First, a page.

78% of Malaysian businesses are either moderately or extremely concerned about the COVID-19 pandemic according to the results highlighted in the Impact of COVID-19 on Malaysian Businesses report. The report, themed ‘Business in Turbulence,’ identifies key challenges and concerns faced by the Malaysian industries through the sentiments expressed by business leaders.
The report suggests that the concerns of Malaysian businesses varies across different industries. For instance, the food & beverage, entertainment & tourism, and agriculture industries are most concerned with a decrease in consumer confidence. In contrast, almost half of the firms (43%) within the business and financial services industry are concerned about a potential global recession.
As the government imposes stringent health and safety standard operating procedures during the COVID-19 disruption, construction firms struggle to balance between worker well-being and productivity. The construction industry is most worried (35%) about a reduction in productivity of their workforce. During the same period, the manufacturing and food & beverage industry noted vulnerability to supply chain shocks as one of their major worries. With an increasingly connected and hyper-converged economy, the pandemic has surfaced the risks of being internationally dependent for key production resources
Food-related industries are struggling to cope with demand spikes and supply chain disruptions. With more than a quarter (26%) of food-related businesses being family-owned, they face the highest risks of going out of business. When asked how long their business can financially stay afloat and weather the impact of COVID-19, about a third of the firms from food & beverage (34%), entertainment & tourism (33%), and advanced manufacturing (31%) reported that they could only stay afloat for 1 to 3 months.
Other key findings from the survey:
- 65% of respondents are re-strategizing their financial commitments given continued high levels of uncertainties.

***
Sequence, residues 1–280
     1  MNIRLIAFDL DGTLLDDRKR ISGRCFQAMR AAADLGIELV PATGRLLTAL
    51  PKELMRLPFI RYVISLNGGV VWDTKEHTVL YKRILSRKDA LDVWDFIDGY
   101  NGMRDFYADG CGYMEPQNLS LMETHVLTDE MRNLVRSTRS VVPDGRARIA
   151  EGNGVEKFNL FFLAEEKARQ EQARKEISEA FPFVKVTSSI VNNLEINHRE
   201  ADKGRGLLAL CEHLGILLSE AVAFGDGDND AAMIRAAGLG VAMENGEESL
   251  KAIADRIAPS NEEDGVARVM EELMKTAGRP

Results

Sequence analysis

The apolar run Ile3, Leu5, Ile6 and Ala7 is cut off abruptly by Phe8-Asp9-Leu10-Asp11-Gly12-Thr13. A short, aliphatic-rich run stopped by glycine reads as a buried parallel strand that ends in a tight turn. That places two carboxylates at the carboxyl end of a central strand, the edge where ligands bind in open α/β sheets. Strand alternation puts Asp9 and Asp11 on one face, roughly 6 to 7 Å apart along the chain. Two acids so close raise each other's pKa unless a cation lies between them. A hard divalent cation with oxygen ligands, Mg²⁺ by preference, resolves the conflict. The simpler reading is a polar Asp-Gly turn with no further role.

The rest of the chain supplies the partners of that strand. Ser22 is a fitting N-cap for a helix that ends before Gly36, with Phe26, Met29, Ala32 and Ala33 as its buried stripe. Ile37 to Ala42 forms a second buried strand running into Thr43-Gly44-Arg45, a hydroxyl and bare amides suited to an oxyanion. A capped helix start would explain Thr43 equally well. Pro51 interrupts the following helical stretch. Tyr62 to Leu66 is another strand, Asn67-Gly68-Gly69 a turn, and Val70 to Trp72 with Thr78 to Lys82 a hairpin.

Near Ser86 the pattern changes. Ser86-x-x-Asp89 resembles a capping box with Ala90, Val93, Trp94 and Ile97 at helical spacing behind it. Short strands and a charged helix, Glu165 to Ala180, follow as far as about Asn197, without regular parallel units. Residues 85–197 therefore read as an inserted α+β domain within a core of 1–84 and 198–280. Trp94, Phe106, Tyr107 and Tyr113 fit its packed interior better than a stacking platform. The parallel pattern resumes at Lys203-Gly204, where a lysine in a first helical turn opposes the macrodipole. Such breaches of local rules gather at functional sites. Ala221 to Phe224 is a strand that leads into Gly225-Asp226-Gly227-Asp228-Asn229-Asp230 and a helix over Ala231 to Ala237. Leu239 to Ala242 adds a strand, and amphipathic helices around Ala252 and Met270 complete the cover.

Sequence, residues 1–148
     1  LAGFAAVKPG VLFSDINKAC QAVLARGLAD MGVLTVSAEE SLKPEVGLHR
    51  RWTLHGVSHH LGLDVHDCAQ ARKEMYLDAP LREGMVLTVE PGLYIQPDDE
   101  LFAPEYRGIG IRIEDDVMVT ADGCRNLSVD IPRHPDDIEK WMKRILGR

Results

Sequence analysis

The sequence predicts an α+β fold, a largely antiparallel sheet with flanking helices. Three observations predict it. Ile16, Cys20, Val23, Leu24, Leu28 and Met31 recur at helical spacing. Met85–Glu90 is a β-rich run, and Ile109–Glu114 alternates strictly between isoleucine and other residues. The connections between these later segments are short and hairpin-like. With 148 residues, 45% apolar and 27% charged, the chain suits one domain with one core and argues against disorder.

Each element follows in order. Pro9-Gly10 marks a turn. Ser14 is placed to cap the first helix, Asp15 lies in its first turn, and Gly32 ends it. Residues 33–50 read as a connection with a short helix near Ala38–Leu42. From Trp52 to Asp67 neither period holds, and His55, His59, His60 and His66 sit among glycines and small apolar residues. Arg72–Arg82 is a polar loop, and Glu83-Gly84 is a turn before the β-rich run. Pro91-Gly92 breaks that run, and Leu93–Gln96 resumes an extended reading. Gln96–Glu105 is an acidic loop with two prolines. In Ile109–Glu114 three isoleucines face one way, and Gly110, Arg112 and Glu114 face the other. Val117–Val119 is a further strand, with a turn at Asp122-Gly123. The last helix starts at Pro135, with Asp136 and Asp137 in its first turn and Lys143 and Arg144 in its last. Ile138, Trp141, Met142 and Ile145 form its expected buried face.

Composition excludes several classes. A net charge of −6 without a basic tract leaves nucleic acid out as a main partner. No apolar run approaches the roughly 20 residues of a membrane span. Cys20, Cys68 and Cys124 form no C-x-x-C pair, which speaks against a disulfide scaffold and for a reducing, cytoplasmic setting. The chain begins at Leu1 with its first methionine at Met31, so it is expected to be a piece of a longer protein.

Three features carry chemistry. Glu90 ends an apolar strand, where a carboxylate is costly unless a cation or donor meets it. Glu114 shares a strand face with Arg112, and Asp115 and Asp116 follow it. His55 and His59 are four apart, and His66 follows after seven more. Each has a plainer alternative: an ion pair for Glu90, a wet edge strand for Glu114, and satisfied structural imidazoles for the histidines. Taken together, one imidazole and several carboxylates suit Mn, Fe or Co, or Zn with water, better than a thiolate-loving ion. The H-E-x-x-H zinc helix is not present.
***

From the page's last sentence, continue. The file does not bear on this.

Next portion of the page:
- Managers and company owners appear to have a bleak outlook, with 73% of businesses expecting the company’s revenue to decrease this year.
- 60% of companies cited the immediate financial impact of the pandemic as their greatest concern followed by a potential global recession (42%), and 31% questioning their ability to stay afloat.
- Companies are exploring all avenues to mitigate the impact of the pandemic, with a near
equal focus on changing business and operational strategy (66%), cost containment (65%), and changing company financing and expenditure plans (63%).
- 73% of respondents fear that Malaysia may be at a high risk of economic stagnation.
Despite the various headwinds from the pandemic and global economic uncertainty, 15% of respondents remain very optimistic and 30% optimistic about Malaysia’s economic outlook in the coming 12 months. Professor Mahendhiran Nair, Chief Executive Officer of Monash Malaysia Research and Development (MMR&D) believes this reflects the expectations of a recovery from the negative impacts of the pandemic in the second half of 2020, as the economy opens up gradually and better economic growth numbers registered in the first half of 2021.
“The above results are due in part to the fact that Malaysia has been relatively successful in containing the pandemic, compared with many regional and developed economies. The number of new COVID-19 cases were low double-digit figures in most of June and July. The low number of active cases also bolsters consumer confidence and demand, as more sectors are opened for business. Nevertheless, most businesses (32%) are only moderately optimistic, which suggests a cautiously optimistic outlook and close to 23% are pessimistic about the future economic outlook, he said.
The concerned expressed by the business leaders vary according to the sectors. “The top three sectors that are most concerned by the disruptions due to Covid-19 are manufacturing, education and healthcare. The use of advanced technology and new business models will be critical for these and other industries to navigate through these turbulent times to enhance their productivity, efficiency and competitiveness” said Associate Professor Santha Vaithilingam, Deputy Head of School (Engagement and Impact) – School of Business at Monash University Malaysia.
The Impact of COVID-19 on Malaysian Businesses report is a joint initiative between Monash University Malaysia, Monash Malaysia R&D Sdn Bhd. and Global Asia in the 21st Century Research Platform. A total of 802 respondents from various industries and locations expressed their views and opinions on how the COVID-19 pandemic has and will impact Malaysian businesses. These findings are vital as it reflects the current state of the businesses in Malaysia and a glimpse of the upcoming year.
The Impact of COVID-19 on Malaysian Businesses report is vital in gauging the health of the Malaysian business environment currently and in the coming year. “Beyond the immediate situation and response, the content of the report provides an analysis of the potential longer-term consequences and impacts. Understanding these issues, the level of business preparedness and ability to absorb the COVID aftershocks provides insights into the transformational playbook that will be needed to be put in place to create a resilient path to sustain recovery,” said Professor Pervaiz K Ahmed, Co-Director of Global Asia in the 21st Century and Head of School (Business), Monash University Malaysia.